What You Should Know About Sarcoma, a ‘Forgotten Cancer’
You’ve discovered an unexplained lump in your child’s knee that isn’t painful and can’t be connected to an injury or fall. Surely it isn’t cancer. Or could it be a rare form of cancer known as sarcoma?
Referred to as a “forgotten cancer” due to its rarity, sarcoma accounts for about one percent of all adult cancer diagnoses but is seen more commonly in children and teens.
Because it forms deep in the body, sarcoma can be difficult to detect in its early stages. With Sarcoma Awareness Month in July, here’s what you should know about the signs and risk factors associated with sarcoma.
What is sarcoma?
Sarcomas are a rare and varied group of cancers and are more prevalent in children than adults. They affect the body’s connective tissue and are categorized based on whether they arise in soft tissue or bone. They can occur anywhere in the body, but most usually form in the legs, hands, arms, abdomen, head, neck, and chest.
Soft tissue sarcomas typically originate from cells of muscle, fat, nerves, fibrous tissue, or blood vessels, primarily found in the arms and legs.
The most common types that affect bone include osteosarcoma and Ewing sarcoma.
- Osteosarcoma is found most often in the bones around the knee, and it impacts the part of the bone that gives bone its strength.
- Ewing sarcoma most often occurs in the bones of the pelvis, chest wall, or the middle of long leg bones, but it can also present in soft tissue.
What is my – or my child’s – risk of developing sarcoma?
While there are no definitive reasons for the development of sarcoma, risk factors include receiving high doses of radiation therapy (likely treating other cancers) or damage to the lymph system through surgery or radiation. Other risk factors include exposure to certain herbicides and individuals with inherited diseases, such as Li-Fraumeni syndrome and retinoblastoma.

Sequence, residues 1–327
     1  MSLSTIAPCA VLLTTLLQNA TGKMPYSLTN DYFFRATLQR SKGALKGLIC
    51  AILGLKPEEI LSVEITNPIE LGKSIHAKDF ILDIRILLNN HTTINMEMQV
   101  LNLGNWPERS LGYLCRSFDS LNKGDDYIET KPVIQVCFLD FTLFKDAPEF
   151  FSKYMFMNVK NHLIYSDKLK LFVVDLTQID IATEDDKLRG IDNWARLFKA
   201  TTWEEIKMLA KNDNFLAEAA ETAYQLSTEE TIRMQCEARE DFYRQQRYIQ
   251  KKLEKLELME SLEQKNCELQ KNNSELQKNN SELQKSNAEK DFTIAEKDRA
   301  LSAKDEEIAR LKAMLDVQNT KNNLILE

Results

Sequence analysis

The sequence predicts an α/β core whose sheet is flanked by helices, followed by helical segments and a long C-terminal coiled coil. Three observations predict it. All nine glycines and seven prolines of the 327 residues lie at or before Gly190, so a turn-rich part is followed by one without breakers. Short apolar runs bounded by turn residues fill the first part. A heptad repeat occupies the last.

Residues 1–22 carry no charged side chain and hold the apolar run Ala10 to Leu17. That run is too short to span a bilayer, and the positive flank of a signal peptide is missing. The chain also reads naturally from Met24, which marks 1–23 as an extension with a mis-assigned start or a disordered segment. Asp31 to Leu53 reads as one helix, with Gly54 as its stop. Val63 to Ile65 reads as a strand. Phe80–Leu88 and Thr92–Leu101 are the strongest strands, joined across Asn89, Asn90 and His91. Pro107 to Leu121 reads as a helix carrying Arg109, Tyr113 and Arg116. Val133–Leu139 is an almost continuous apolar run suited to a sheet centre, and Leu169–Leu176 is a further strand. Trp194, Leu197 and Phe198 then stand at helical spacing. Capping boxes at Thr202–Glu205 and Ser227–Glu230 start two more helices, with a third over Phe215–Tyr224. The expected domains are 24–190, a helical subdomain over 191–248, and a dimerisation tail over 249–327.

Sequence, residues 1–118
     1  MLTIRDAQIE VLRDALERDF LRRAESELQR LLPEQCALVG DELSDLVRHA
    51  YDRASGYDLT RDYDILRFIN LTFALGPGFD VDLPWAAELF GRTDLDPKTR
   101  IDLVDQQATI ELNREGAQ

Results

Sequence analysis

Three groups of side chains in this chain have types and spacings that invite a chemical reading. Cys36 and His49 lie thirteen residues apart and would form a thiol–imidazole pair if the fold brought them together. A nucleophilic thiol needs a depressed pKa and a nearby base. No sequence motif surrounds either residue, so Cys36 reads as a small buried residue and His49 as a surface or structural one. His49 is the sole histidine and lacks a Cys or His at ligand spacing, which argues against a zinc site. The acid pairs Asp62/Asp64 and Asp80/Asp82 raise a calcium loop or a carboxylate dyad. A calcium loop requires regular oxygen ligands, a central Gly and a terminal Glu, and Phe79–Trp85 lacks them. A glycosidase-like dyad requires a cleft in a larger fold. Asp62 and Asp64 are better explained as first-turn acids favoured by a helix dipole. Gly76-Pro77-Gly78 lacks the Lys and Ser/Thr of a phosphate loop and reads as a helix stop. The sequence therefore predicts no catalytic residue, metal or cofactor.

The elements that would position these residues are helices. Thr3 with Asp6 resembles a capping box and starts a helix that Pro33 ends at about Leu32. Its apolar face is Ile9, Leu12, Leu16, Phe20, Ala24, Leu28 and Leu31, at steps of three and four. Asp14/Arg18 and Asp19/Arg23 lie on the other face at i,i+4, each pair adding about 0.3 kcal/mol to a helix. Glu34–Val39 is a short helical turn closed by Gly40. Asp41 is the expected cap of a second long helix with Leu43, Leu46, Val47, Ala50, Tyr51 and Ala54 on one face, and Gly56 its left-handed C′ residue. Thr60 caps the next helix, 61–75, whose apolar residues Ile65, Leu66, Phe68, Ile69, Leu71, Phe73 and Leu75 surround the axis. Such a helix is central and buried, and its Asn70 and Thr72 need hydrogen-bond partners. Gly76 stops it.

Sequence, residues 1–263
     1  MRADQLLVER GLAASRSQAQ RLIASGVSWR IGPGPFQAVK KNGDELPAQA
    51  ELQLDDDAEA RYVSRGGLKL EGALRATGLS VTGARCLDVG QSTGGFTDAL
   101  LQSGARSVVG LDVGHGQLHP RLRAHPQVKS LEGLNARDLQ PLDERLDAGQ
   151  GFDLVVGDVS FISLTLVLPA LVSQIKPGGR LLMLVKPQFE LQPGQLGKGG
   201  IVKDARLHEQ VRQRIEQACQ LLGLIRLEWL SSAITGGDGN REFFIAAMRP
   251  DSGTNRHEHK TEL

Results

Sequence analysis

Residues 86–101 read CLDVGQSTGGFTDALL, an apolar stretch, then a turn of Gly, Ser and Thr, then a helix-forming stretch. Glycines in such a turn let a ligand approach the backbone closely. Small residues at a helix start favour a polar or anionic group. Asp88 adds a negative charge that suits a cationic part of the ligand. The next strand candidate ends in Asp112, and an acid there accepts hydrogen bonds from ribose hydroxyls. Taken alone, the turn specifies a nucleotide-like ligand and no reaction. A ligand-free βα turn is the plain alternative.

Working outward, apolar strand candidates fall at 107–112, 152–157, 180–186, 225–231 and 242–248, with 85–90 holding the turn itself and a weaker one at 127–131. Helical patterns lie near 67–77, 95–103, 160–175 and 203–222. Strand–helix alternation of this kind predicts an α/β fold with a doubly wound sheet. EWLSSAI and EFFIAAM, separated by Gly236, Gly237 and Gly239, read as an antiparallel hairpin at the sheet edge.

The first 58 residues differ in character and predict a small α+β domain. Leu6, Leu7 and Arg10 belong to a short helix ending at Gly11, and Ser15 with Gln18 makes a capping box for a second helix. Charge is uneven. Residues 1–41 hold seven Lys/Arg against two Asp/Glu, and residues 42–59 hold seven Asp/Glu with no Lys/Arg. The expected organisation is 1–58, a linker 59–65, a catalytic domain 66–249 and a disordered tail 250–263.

If your family has a history of sarcoma or other cancers that developed at a young age, you should discuss the benefits of genetic testing with your physician.
What are the signs and symptoms of sarcoma?
Sarcoma can go undetected for a long period of time. Often, people will notice a lump that may or may not hurt and has grown over time (weeks to months). As the tumor grows, it can cause increasing pain, swelling, bone fractures, numbness, tingling, or weakness in the affected limbs.
Approximately four in 10 sarcomas begin in the abdomen. The symptoms often come from other problems caused by the tumor, such as blockage or bleeding of the stomach or bowels. The tumor can press on nerves, blood vessels, or nearby organs and may even grow large enough to be felt in the belly.
How is sarcoma treated?
Once sarcoma is diagnosed, treatment is based on a variety of factors including the type, size, location, and stage of the tumor, as well as the patient’s overall health.
If the tumor is found at an early stage and has not spread, surgery is often an effective option, and many patients are cured. Some patients may receive additional treatments, such as radiation or chemotherapy, to improve the chances of eliminating all cancerous cells.
While there are no known ways to completely prevent the development of sarcoma, regular checkups with your physician are important for early detection. If you are diagnosed with sarcoma or any other type of cancer, an early diagnosis is key to a better outcome from treatment and an increased chance of survival.